The Real Driver of Sexual Harassment


Let’s not start at what is perhaps the most obvious place to discuss a national climate that enables sexual abuse and harassment, our pussy-grabbing braggart-in-chief. (Too on-the-nose, as they say.)

Let’s first think about the tech industry. Reports of the harassment of and prejudice against women are everywhere in tech and reported widely in industry media. No surprise, some would argue, because tech is not only male-dominated and male-led, it is an industry with very few women at any level of hierarchy.

True enough, I suppose.

Without a diverse critical mass, tech has a stereotypical “bro” mentality that fosters thinking of women as the “other”, not to be accepted as colleagues and leaders but to be demeaned, objectified, sexualized and feared. There are precious few women engineers in tech organizations, much less leaders of them.

Most appalling may be the reaction of these tech “bros” to criticism of their industry’s record of marginalization and harassment of women: insinuations of male tech genetic superiority, critiques of women’s contributions to tech (which are historic and substantial), and flat-out threats to those who speak up.

Eyeball social media and see what I mean; it’s sickening.

The case of movie mogul Harvey Weinstein has created increased awareness of sexual harassment in America’s workplaces, and we should be grateful for that contribution to our social health. Women in entertainment have been the unwilling subjects of male domination since the industry’s earliest days. And that subjugation has taken on near-legendary status: countless stories of leering producers and casting couches and coerced dressing room assignations.

That a powerful man in Hollywood preys upon the beautiful, young and powerless can be no surprise to anyone at this point. That particular cases, and particular predators, are widely known in the industry, and have been widely known in the industry for long periods of time and have not been called out for their behavior, much less stopped, is disappointing to say the very least.

As human beings, presumably, we wouldn’t want to think colleagues, investors and partners would allow sexually predatory behavior to continue unabated, just because a particular predator was good at getting awards and making money.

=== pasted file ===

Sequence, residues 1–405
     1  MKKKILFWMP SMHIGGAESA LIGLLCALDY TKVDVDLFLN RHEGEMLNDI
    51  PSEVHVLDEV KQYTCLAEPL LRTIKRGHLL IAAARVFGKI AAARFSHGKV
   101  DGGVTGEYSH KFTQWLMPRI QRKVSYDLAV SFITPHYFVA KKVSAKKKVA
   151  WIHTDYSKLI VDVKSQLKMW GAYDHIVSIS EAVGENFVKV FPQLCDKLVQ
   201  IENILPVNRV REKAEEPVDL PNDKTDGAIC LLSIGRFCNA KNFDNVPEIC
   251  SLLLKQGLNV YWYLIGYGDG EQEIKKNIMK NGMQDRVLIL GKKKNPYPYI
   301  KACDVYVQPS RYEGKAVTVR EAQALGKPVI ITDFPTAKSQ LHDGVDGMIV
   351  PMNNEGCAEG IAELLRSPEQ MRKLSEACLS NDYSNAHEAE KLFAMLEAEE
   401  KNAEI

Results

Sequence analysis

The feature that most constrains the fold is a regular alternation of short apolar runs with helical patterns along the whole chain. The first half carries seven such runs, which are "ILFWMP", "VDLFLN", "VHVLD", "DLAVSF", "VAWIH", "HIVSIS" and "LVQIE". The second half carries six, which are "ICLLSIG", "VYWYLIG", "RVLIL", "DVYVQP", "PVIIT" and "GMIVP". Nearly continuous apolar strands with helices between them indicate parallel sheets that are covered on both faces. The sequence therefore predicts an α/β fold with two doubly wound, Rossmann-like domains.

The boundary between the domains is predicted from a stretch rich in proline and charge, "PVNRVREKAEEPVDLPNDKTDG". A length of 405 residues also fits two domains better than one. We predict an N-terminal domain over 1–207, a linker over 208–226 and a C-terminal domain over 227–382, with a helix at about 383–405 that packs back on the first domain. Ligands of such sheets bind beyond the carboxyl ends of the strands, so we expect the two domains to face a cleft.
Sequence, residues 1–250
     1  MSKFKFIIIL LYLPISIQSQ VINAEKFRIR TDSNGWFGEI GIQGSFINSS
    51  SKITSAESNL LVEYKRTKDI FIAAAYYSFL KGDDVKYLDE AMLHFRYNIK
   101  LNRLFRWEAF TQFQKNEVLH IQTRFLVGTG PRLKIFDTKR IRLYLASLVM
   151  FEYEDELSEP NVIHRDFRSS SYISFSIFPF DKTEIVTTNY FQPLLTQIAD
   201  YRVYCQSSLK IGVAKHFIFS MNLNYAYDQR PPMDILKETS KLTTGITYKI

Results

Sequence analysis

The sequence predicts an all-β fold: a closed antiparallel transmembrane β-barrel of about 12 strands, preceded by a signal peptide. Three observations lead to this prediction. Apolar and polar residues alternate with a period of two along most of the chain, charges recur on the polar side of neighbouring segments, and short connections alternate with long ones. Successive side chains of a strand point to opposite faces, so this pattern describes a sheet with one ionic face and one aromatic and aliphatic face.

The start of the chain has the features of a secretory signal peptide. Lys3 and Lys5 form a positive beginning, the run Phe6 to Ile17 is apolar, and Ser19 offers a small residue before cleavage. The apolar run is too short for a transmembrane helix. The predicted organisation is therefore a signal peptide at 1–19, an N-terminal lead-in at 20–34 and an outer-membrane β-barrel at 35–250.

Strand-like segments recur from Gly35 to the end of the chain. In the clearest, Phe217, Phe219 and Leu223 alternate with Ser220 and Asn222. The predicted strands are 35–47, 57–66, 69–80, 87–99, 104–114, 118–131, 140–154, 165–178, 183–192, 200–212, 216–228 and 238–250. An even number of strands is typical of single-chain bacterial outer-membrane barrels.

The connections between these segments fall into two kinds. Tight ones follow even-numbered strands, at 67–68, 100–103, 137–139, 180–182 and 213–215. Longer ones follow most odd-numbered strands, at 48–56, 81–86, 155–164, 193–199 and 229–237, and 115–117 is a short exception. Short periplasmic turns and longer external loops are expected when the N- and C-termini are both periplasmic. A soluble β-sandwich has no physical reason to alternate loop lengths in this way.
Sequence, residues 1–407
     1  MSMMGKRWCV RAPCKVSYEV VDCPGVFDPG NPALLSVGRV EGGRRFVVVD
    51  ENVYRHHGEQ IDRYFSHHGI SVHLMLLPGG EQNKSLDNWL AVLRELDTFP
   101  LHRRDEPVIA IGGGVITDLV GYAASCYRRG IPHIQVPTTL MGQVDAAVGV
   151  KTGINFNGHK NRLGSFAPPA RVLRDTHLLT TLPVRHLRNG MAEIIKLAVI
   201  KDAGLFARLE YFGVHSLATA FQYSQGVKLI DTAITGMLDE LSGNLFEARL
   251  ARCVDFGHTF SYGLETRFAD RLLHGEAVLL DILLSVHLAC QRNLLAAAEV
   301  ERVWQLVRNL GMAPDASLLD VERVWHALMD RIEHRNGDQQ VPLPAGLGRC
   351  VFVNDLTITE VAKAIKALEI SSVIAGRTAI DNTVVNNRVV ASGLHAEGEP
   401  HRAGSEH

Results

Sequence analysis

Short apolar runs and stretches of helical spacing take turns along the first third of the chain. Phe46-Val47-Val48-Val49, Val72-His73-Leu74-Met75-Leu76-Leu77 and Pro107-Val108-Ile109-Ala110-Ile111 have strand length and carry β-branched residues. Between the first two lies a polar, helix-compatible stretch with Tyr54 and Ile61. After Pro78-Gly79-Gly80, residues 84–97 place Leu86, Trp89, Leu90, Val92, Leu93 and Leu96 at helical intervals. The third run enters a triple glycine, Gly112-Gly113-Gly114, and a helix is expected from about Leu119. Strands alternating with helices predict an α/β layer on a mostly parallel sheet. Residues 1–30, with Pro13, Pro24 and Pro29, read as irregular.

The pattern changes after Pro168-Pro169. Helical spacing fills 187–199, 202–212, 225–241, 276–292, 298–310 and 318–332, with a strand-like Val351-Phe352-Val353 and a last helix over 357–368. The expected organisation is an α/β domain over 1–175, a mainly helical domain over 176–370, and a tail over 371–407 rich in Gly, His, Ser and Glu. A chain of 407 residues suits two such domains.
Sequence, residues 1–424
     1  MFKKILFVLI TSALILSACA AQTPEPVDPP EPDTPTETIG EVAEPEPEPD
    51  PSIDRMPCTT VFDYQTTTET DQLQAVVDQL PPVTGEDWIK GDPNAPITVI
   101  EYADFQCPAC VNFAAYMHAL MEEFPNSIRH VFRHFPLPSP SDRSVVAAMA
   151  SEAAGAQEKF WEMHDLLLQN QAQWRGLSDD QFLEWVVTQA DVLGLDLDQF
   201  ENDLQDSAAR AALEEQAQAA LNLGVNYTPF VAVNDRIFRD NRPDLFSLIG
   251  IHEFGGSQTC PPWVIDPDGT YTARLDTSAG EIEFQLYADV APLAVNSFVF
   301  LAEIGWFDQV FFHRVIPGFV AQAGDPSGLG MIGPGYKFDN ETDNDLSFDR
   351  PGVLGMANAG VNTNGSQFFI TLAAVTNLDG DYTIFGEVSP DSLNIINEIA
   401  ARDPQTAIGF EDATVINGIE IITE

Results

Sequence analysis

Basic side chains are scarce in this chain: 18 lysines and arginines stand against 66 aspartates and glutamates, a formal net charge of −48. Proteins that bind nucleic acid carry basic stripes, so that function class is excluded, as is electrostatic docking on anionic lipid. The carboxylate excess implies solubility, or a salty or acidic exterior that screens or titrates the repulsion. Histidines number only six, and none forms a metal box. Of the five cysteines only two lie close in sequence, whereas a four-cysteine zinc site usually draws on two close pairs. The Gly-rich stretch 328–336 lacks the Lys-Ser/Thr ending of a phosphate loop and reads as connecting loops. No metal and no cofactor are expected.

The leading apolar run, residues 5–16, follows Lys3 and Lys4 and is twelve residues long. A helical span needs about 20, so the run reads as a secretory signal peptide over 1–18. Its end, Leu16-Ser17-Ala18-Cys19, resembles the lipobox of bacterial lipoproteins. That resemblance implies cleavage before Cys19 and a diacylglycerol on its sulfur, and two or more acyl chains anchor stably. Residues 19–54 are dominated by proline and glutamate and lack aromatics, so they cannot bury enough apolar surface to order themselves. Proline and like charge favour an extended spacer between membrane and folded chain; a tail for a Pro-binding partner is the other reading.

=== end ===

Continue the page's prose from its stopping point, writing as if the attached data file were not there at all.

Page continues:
But there we are: enablers exist in Hollywood too.


The most well-documented cases, of course, are likely those of the enablers of sexually abusive Roman Catholic priests. For many decades, the church not only looked the other way and enabled ongoing abuse but shielded the abusers from legitimate law enforcement, from their accusers, and their communities.


It was only after numerous civil lawsuits and very high-profile journalistic investigations that the church admitted (some) instances of abuse (and the church’s efforts to hide them) publicly.  The conscious and purposeful cover-up reached to the very highest levels of the global church and continues to erode public confidence in the institution.

Worse, it is completely at odds with what the church claims it stands for.

Harassment and abuse also exists in scale, of course, at our schools, colleges and universities, abetted by the typically decentralized structure of academe (especially in higher education). And many educational institutions will not report instances of abuse when they actually occur, or are learned of, only when institutions are faced with public reports and lawsuits.


All this I know too well from personal experience as a communications counsel to many institutions dealing with sexual harassment and abuse: many people know of the harassment and abuse and too few (if any) will move to stop, or even report it.

After the fact, that is to say after the harassment has already ruined psyches and careers and lives, people will share that “Everyone knew about Harvey,” or “I heard the rumors about Father Timothy,” or “Professor Herman was a well-known pervert,” or “Coach Johnson was always giving rides to his players.”

Let me say this directly and as straight-forwardly as I am able.

Sexual harassment and abuse cannot exist in any institution without the forbearance and enablement of a great many people. People knew that Harvey Weinstein was assaulting young women and DID NOTHING. People knew about that tech venture capitalist and DID NOTHING. People knew about the priests and the coaches and the professors and DID NOTHING.


Greed. Loyalty to the institution. Sexism. Fear. Personal discomfort. Other reasons.

Several years ago, I told a colleague about a coach who had raped a series of his players over the course of several years, with the knowledge of his school’s administration. My colleague, himself the dad of a little league baseball player told me with firm conviction that, were he presented with that kind of information about one of his kid’s coaches, he’d kill the guy (or at least take serious action of some kind).

And I said to him I hoped so, but based on my substantial experience, I supposed he would instead convince himself he’d obviously been mistaken (because the coach was too nice a guy) and do nothing.